Concept

Unión General de Trabajadores

Summary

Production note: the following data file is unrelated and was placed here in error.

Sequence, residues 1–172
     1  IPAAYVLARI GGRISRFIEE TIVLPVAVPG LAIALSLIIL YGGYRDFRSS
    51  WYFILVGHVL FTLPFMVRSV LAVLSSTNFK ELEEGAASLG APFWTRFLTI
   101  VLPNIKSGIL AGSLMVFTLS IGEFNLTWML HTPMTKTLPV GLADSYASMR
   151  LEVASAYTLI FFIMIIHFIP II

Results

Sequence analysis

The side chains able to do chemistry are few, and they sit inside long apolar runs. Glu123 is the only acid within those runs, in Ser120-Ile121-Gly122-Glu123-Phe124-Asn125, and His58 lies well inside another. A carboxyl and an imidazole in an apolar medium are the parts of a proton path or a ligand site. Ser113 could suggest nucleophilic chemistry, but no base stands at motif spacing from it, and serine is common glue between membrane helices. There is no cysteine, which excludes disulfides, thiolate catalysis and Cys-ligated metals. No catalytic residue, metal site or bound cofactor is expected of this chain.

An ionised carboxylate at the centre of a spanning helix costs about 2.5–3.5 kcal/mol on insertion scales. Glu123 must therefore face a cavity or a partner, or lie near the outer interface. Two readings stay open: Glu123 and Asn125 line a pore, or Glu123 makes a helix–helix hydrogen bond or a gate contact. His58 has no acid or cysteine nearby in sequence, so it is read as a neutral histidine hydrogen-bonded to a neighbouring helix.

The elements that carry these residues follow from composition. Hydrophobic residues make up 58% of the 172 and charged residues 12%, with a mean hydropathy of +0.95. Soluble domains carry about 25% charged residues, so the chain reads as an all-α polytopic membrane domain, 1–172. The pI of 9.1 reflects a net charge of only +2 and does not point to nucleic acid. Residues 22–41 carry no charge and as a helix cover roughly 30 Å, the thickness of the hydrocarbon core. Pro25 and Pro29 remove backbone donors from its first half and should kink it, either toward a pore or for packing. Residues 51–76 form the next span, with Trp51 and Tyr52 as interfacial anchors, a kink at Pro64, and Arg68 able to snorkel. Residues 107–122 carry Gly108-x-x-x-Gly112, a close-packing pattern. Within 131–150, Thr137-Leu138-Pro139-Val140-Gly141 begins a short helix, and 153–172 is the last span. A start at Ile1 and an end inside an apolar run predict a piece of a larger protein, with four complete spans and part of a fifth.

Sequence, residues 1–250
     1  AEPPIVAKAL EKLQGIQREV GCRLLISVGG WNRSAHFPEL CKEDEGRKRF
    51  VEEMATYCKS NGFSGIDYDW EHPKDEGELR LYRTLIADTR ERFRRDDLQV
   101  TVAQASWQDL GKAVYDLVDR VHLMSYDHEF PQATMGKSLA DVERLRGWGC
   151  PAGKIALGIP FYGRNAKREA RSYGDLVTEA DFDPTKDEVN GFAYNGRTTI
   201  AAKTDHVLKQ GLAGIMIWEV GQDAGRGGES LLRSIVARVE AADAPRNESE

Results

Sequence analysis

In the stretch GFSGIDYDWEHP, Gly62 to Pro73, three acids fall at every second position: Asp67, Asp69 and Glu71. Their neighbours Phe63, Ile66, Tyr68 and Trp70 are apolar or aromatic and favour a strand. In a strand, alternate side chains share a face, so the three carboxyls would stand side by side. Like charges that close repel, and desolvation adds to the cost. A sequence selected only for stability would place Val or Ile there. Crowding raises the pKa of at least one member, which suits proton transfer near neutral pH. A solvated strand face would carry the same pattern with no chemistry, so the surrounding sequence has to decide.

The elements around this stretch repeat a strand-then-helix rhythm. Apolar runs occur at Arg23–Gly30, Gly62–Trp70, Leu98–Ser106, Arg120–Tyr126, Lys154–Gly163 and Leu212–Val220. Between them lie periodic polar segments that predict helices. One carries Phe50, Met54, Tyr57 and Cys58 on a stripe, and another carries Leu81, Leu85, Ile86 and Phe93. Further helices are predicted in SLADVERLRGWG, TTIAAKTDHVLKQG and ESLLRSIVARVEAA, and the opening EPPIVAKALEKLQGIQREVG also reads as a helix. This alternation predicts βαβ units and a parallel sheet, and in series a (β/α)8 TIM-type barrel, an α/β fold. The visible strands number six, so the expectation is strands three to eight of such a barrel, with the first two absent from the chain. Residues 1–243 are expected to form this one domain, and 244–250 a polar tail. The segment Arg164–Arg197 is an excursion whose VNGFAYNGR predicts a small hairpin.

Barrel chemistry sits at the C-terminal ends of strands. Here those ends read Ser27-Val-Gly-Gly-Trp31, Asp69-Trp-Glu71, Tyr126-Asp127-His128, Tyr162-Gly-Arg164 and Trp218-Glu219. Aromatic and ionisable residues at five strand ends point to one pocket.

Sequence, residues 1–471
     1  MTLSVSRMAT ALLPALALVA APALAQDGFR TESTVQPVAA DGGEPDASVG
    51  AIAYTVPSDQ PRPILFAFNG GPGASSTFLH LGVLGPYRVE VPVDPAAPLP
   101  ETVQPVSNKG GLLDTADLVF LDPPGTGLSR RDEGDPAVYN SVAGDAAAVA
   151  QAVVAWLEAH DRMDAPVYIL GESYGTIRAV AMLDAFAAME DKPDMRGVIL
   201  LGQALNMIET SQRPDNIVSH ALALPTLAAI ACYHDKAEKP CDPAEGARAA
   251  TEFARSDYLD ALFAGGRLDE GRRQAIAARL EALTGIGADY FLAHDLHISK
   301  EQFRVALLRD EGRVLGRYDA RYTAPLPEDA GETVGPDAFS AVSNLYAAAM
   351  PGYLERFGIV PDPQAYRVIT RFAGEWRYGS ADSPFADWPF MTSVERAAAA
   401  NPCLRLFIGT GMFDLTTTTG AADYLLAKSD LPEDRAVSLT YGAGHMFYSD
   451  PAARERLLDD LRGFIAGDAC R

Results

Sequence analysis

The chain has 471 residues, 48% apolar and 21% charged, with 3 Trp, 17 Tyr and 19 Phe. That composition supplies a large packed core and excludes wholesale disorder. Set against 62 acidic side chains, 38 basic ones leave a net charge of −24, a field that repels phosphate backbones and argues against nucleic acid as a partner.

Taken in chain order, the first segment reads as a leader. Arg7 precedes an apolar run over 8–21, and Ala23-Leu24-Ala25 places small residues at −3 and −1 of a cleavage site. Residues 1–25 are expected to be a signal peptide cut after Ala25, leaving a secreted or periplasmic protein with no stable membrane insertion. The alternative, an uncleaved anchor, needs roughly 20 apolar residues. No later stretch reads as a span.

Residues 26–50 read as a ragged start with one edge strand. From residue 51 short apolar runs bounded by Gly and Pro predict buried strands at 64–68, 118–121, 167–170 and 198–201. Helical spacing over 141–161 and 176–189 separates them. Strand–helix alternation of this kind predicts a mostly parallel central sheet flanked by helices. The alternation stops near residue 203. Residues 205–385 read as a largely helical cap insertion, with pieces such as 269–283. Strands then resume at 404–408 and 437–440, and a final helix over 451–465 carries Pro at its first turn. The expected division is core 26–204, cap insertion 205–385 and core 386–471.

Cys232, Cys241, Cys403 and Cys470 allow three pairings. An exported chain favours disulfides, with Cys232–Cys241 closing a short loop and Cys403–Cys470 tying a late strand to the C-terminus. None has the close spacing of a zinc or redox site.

The Unión General de Trabajadores (UGT, General Union of Workers) is a major Spanish trade union, historically affiliated with the Spanish Socialist Workers' Party (PSOE). The UGT was founded 12 August 1888 by Pablo Iglesias Posse in Mataró (Barcelona), with Marxist socialism as its ideological basis, despite its statutory apolitical status. Until its nineteenth Congress in 1920, it did not consider class struggle as a basic principle of trade union action. Being a member of the UGT implies an affiliation to the PSOE and vice versa. During World War I era, the UGT followed a tactical line of close relationship and unity of action with the Confederación Nacional del Trabajo (CNT, National Labour Confederation). The UGT grew rapidly after 1917, and by 1920 had 200,000 members. This era came to a sudden end with the advent of the dictatorship of Miguel Primo de Rivera, who gave a legal monopoly on labor organizing to his own government-sponsored union. While the CNT opted for a radical confrontation with the regime and were prohibited on this account, the UGT, although in disagreement with the dictatorship, adopted a collaborative attitude in order to continue to operate legally. The UGT grew from 277,011 in December 1930, to 958,451 in December 1931, to 1,041,539 in June 1932. Much of this growth occurred in its land workers' federation, the Federación Nacional de Trabajadores de la Tierra (FNTT), which grew from 36,639 in June 1930 to 392,953 in June 1932, raising the proportion of land workers in the UGT from 13 percent to 37 percent. The influx of these workers (jornaleros) caused the union's radicalisation, and the bloody breakout of the Spanish Civil War deepened the internal fissures that resulted in the departure of Largo Caballero from the position of UGT secretary general in 1937. General Francisco Franco confined the UGT to exile and clandestinity after his victory in the Spanish Civil War until his death in 1975. The Union emerged from secrecy during the democratic transition after Franco's death, as did the communist Workers' Commissions (Comisiones Obreras, CCOO).
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